I have only one strategy when it comes to 10ks: Go out fast and hang on.
I'm pretty sure this isn't how you're supposed to race a 10k. I've definitely never successfully done it -- I always positive split. My tricks to help me hang on as long as possible are mostly psychological:
- Pick off as many people as I can, especially in the last 3 miles.
- DO NOT, and I repeat, DO NOT look at the watch.
- KNOW NOTHING. ASK NO QUESTIONS. DO NO MATH.
Well, I could tell I was doing well at the beginning and thought it might be my day to PR. I had given no thought to pacing or strategy, planning to (again) race entirely on effort. (See #2 & 3 above). Then I realized the volunteers at the mile markers were calling out splits. "7:10," someone yelled as I rounded the first mile marker. "That means nothing," I thought, and put it out of my head. "You always go out stupid fast at the beginning, so just forget you even heard that." And I did, more or less. It wasn't until another volunteer did it again at mile 3: "22:40!" I almost yelped with excitement. My 5k PR is 23:11, so I knew I was holding a great pace.
I spent miles 3 and 4 hunting down whichever woman was in front of me and trying to pass her. I stayed with one woman for almost an entire mile. She looked really strong and I thought I'd never pass her. When I finally did (toward the end of a long climb) she told me I looked great, and I thanked her and said I'd been pacing off of her for at least a mile. It was so nice of her to encourage me, because I was quite obviously trying to pass her, and she had been trying to hang on to her position for just as long. "Constructive competition" is a new concept in my life and I was so grateful to her for that moment.
But as soon as I passed her, I found myself alone with no one to pace off of. I saw a dude in a blue Fleet Feet shirt far ahead of me and I focused on reeling him in, even though it seemed impossible. I could hear the loudspeaker announce the first place woman, and for a moment I thought maybe the finish line was right around the corner. I thought maybe I had miscounted beeps on my watch and I was nearly done. I pushed as hard as I could through mile 5, alone until I finally picked off the guy in the blue shirt. I relaxed for a moment and started looking for the finish line, until I saw his shadow gaining on me. I knew he had come back from the dead and was trying to pass me back. I couldn't believe it. This is such a gendered thing, in my experience -- so many dudes I've passed simply refuse to let it happen and fight ridiculously hard to defend their position. I'm not sure I've ever raced with a woman who so completely refused to let me pass her in this way. I was annoyed when he passed me back, but I had nothing left to get in front of him again.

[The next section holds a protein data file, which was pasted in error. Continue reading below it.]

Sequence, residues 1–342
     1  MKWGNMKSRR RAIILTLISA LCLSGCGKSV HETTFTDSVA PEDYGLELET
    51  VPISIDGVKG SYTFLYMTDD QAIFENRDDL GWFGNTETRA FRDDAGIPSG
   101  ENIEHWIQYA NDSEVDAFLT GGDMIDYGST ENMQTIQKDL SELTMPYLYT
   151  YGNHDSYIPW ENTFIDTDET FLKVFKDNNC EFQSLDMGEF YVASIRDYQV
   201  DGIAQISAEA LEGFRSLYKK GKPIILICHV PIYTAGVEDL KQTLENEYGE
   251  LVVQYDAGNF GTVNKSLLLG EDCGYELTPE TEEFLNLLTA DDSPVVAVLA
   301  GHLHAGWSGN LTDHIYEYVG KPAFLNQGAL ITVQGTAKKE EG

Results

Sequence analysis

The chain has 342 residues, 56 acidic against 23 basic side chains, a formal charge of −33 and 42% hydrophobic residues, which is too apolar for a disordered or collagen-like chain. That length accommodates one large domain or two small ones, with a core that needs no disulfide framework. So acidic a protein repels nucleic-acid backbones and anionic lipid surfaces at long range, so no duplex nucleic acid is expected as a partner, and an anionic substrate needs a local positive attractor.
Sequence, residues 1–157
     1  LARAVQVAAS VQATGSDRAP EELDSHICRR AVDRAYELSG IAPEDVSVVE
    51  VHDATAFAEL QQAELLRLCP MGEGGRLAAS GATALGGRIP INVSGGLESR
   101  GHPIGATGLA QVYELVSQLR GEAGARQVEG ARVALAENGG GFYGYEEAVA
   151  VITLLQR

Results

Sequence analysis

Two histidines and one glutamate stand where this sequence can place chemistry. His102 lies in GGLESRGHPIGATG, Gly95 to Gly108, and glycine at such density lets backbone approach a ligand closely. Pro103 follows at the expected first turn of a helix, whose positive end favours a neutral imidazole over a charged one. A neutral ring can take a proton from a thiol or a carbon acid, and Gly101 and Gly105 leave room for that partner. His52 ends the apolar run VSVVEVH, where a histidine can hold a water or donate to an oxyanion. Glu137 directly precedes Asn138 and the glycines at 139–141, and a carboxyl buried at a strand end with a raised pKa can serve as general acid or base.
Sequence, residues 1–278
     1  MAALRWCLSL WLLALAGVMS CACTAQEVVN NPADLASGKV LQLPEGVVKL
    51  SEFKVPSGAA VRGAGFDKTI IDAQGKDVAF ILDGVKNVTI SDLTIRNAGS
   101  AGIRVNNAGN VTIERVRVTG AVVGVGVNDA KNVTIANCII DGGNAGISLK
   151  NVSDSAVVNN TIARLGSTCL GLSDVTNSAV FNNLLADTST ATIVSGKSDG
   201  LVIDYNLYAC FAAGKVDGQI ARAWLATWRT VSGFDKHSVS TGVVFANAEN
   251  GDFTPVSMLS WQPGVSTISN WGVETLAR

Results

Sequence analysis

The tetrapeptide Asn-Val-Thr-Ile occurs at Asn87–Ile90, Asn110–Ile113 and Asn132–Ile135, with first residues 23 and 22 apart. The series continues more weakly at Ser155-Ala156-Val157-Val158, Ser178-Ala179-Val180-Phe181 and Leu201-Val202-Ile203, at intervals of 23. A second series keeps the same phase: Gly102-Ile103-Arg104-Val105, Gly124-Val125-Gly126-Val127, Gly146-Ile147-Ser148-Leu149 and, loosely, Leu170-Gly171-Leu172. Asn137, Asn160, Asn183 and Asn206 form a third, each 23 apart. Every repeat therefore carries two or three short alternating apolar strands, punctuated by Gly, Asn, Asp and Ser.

We ran down a little decline and on to the track, where I saw James (who ran next to me for a minute), and then this drill sergeant type barking at everyone who passed. "Faster! Stronger! You have more left than that!"
Then I was finishing, clock time 47:33, a 26-second PR, beating my time from the Chi-Town 10k back in March.
Afterward, we lingered and sampled the coffee (Carrboro Coffee Roasters) and post-race snacks. I had my left leg looked at by the people at Proaxis Therapy. It felt like "shin splints," but the woman who looked at it said it was muscular, and released a giant knot on the inside of my shin. It felt wonderful , so I'm thinking about maybe treating myself to a sports massage before my marathon.
Other details about the race: It's a nice rolling course through Carrboro neighborhoods. It's kind of an institution in Carrboro, and it's a really fast crowd because the Cardinal Track and Fleet Feet clubs come out and do it. And afterward, you can go get breakfast at the Weaver St. market.
PRs all around!
While I feel great that I have a new PR on a tougher course (in the middle of marathon training, too) I immediately McMillan Calculated my new "equivalent effort" for the marathon. At some point, I know I should forget these race calculators, do some intensive self-study, and commit to running whatever pace makes me feel most confident. Whatever strategy I end up with, I'm glad to know I'll be going into the marathon fresh off of this PR.